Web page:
What Would Jesus Rap?
On the road with Junkyard Prophet, apostles to the public schools.
May 15, 2006, Vol. 11, No. 33 • By MATT LABASH
Rene is an odd fit no matter where he goes. His secular bandmates call him "The Reverend," since he doesn't engage in their reindeer games, like drinking, drugging, and groupie-rutting. After a non-Junkyard show, he packs up his guitar, and leaves. "Where's the Rev?" he says other musicians ask. "In his room, where he's supposed to be," he tells me. But he's used to being the outsider, as one of the few black guitarists in the game. Rene favors head-wrap bandanas and hoop earrings, making him look like a pirate with no body fat. The former Marine, who can crank out five one-armed pull-ups faster than you can click a television remote, actually sleeps in the gym of whatever school Junkyard Prophet is playing the next morning, not just for the sound check before first bell, but so that he can get in a workout.
On bass and vocals is Mass Dogg, a former welder and 25-year-old Mexican American who's been playing since he was five. He used to be in a family band. He toured the country with his Pentecostal evangelist father, cranking out their accordion-rich Norteno and cumbia music at revivals. These days, he slap'n'pops Junkyard's funky basslines, then listens to their cuts "hundreds of times" to see what they can do different or better. His nickname is a play not only on his real name (Massey Campos), but also on his former size. Massey used to be about 70 lbs heavier.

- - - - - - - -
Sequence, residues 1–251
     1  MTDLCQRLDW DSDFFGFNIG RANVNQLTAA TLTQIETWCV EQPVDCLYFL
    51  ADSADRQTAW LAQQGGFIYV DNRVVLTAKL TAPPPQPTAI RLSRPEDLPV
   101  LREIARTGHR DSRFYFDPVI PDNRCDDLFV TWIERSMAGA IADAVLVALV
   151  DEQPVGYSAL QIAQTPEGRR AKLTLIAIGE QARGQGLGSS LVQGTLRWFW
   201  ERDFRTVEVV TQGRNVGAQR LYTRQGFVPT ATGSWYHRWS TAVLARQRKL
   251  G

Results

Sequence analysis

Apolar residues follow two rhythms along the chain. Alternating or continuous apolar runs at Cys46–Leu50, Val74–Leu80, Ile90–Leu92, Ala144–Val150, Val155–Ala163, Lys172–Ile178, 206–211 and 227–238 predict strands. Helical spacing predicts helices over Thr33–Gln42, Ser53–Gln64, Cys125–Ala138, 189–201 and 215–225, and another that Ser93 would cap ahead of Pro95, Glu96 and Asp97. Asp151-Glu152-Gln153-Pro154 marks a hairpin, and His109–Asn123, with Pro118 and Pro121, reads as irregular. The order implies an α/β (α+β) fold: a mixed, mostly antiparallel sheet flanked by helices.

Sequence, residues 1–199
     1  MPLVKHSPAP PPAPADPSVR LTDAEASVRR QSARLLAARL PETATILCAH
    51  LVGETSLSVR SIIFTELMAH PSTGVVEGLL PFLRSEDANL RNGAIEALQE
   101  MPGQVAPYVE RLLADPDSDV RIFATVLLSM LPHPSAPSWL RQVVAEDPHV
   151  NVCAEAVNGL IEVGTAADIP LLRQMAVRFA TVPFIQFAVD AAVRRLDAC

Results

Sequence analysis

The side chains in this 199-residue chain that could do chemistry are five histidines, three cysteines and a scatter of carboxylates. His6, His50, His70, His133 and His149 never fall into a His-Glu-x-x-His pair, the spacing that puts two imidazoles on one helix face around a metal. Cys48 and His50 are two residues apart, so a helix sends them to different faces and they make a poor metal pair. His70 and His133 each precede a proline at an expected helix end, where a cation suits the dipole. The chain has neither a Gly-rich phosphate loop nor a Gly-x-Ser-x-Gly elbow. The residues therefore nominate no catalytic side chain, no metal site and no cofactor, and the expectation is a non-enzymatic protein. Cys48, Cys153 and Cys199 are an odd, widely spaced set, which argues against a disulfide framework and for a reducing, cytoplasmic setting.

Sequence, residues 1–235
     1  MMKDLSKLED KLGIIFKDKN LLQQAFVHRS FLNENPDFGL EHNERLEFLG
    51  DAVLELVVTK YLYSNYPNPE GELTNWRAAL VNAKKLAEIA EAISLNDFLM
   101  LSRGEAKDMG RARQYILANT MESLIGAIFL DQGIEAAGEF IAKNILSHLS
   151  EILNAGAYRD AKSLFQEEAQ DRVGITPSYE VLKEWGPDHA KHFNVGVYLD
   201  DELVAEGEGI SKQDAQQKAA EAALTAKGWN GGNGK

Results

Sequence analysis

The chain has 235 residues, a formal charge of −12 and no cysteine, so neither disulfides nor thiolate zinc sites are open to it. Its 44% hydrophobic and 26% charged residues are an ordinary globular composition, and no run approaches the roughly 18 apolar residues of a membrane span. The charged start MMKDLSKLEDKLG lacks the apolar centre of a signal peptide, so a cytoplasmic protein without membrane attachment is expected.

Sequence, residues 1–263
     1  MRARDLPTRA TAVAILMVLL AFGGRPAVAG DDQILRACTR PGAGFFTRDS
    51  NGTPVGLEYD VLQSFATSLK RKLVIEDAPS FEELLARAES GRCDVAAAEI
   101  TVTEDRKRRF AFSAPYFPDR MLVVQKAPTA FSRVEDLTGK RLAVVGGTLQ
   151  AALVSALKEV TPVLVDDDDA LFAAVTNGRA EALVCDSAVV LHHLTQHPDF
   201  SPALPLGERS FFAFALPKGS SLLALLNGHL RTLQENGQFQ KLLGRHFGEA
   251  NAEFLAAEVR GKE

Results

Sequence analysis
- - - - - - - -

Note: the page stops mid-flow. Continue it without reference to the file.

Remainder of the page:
God convicted him about his eating habits, and he began taking seriously the scriptural injunction to treat your body as a temple, even though his temple potlucks are necessarily catered by Ponderosa, Bonanza, and other slop troughs where they stamp the charbroils on the meat. Along with beef jerky, Cup-a-Soup, and Little Debbie snack cakes, it's how the band has to find sustenance on their rips through small Midwestern towns (Rene just sticks with a salad usually). But the new everything-in-moderation Massey is a testament to the band's message that we tend to medicalize our worst habits, from alcoholism to obesity, instead of facing our own culpability. "I fought urges every stinkin' day of my life," says Massey, proudly. "I worked at Taco Bell for nine months, but only ate there once."
The lead singer, or lead rapper rather, is 30-year-old Wayne Ruark, who only took up the sport in his late twenties, but who sounds like he's been doing it his whole life. Wayne sports a black backwards-cap and a Chinese-character neck tattoo, which he's been told means either "God's sacred soldier" or "mentally ill." Though a high-school jock who was voted best looking in his class, he has none of the typical prima donna lead-singeritis. In song, he calls himself "the cornfield gangster" from "the hood made of wood" (that would be the small town of Salisbury, Maryland). But in real life, he's a humble sort who doubles as the band's bus driver.
He came to Christ, and the band, after a troubled adolescence that included overdosing at his senior prom and getting fired from his security-guard job at a Perdue plant after he was found stealing the chicken scales to weigh the drugs he was selling. He also ran afoul of the law when some stranger robbed a cab, then took police on a foot chase that randomly snaked through Wayne's house. The cops lost track of the perp but ended up noticing Wayne's drug paraphernalia. "It was the hand of God, dude," he says of the incidents that led him to get help.